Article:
When drug addicts take a step deeper in their addiction, they may begin to shoot up their drugs of choice intravenously. IV drug users are at a very high risk for contracting HIV/AIDS or other transmittable diseases, especially if they are sharing and reusing needles. In the late 1980’s, needle exchange programs started to pop up around the country in order to combat the HIV epidemic among drug users by providing clean needles and a number of other services. These programs continue to exist today, and are volunteer-run organizations that seek to assist not only individuals struggling with drug addiction, but the community as a whole.
In 1986, a former addict attended an HIV/AIDS prevention meeting where another addict spontaneously started distributing clean needles. From this, Jon Parker gained the impetus to form the first needle exchange program in the United States, located in New Haven, Connecticut (Associated Press). Since then, the number of needle exchange programs in America has grown rapidly. The current estimated number of exchange programs is 203, which is comprised of one or more locations in 34 states, including Washington DC and Puerto Rico (The Foundation for AIDS Research Information).
Needle exchange programs provide much more resources beyond the supply of clean needles, however. They offer additional many medical solutions, such as alcohol pads, condoms, vaccinations for both hepatitis A and B, and provide safe disposal for dirty syringes. They can give also addicts referrals to substance abuse clinics, and testing and counseling for HIV, STD’s, and related diseases. (Syringe/Needle Exchange Programs).
As a former addict and intravenous drug user, I can completely appreciate the value of these programs. IV drug users will use the same needle for as long as they can if they do not have ready access to another, and will swap needles with other users. This puts them at a much higher risk of contracting potentially fatal diseases than it would be if they had access to clean needles.
Many people seem to be under the belief that needle exchange programs harm their community by making drug use easier, but the fact is that addicts will use drugs intravenously with or without clean needles. If these groups of people are chronically ill, it endangers the public health of the community. Therefore, the needle exchange programs present an opportunity to supervise and improve the overall public health of a community. As U.S. Surgeon General Dr. David Satcher said in 2000, “After reviewing all of the research to date, the senior scientists of the Department and I have unanimously agreed…that syringe exchange programs…are an effective public health intervention that reduces the transmission of HIV and does not encourage the use of illegal drugs” (Satcher).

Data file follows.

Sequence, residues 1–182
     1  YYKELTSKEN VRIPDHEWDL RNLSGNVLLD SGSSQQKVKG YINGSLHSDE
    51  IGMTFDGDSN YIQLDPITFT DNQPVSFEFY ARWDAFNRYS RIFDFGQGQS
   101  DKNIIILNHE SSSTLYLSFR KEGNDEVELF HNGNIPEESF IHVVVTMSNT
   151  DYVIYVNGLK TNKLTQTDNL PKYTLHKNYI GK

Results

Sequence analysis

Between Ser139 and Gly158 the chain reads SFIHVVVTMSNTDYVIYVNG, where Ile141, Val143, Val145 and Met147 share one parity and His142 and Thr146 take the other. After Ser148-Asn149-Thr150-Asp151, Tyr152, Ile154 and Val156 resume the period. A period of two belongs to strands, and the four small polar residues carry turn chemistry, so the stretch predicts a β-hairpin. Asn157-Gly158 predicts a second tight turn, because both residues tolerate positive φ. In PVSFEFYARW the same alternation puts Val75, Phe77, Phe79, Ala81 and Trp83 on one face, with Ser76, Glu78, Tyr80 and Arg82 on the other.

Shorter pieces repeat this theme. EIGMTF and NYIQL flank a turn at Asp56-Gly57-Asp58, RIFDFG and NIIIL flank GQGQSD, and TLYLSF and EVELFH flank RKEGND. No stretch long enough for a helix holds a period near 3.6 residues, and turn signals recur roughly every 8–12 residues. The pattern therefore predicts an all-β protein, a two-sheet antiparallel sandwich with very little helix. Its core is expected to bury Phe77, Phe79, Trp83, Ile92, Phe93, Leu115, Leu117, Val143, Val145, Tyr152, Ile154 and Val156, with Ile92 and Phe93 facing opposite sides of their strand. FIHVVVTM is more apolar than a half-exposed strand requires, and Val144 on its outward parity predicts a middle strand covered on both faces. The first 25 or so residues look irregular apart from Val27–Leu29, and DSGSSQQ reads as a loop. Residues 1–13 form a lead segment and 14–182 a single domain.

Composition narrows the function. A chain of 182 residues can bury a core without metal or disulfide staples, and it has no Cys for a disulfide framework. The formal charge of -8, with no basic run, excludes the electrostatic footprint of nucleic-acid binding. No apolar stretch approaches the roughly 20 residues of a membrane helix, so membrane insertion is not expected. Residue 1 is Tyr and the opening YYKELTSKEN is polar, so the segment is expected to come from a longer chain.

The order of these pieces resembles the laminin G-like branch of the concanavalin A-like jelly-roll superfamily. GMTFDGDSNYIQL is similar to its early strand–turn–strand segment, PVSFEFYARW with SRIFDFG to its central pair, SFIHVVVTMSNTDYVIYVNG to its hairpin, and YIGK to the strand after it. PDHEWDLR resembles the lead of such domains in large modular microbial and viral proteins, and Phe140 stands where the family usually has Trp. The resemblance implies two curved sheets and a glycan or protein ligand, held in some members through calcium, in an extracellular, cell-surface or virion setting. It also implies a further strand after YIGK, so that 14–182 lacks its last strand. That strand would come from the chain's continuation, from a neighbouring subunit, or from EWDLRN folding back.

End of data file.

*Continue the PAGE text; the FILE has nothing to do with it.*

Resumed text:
All in all, needle exchange programs simply provide improved safety to a group of people who are at high risks for many different communicable diseases. Contrary to the beliefs of some, needle exchange programs do benefit to the greater community of non-addicts. This is because addicts will have more opportunities to have their health evaluated – from STDs to HIV – as well as further opportunities to seek treatment, take preventative measures, and get clean.
Associated Press. “Needle Exchange: A Primer.” n.d. PBS.org. Web. 25 July 2013.
Satcher, Dr. David. “Evidence-Based Findings on the Efficacy of Syringe Exchange Programs: An Analysis from the Assistant Secretary for Health and Surgeon General of the Scientic Research Completed Since April 1998.” 2000. Department of Health and Human Services. Web. 25 July 2013.
“Syringe/Needle Exchange Programs.” n.d. DrugWarFacts.org. Web. 25 July 2013.
The Foundation for AIDS Research Information. “Syringe Exchange Program Coverage in the United States 2012.” 2012. amFAR. Web. 25 July 2013.
Filed under: Addiction, Alcohol and Drugs, Recovery, Substance Abuse · Tags: Addiction, addicts, AIDS, clean needles, community, dirty needles, disease, drug addict, drug addiction, drug addiction HIV transmission, drugs, Hepatitis C, HIV, intravenous drug use, IV drugs, needle exchange, needle exchange programs, public health, sexually transmitted diseases, Sharing Needles, syringe, United States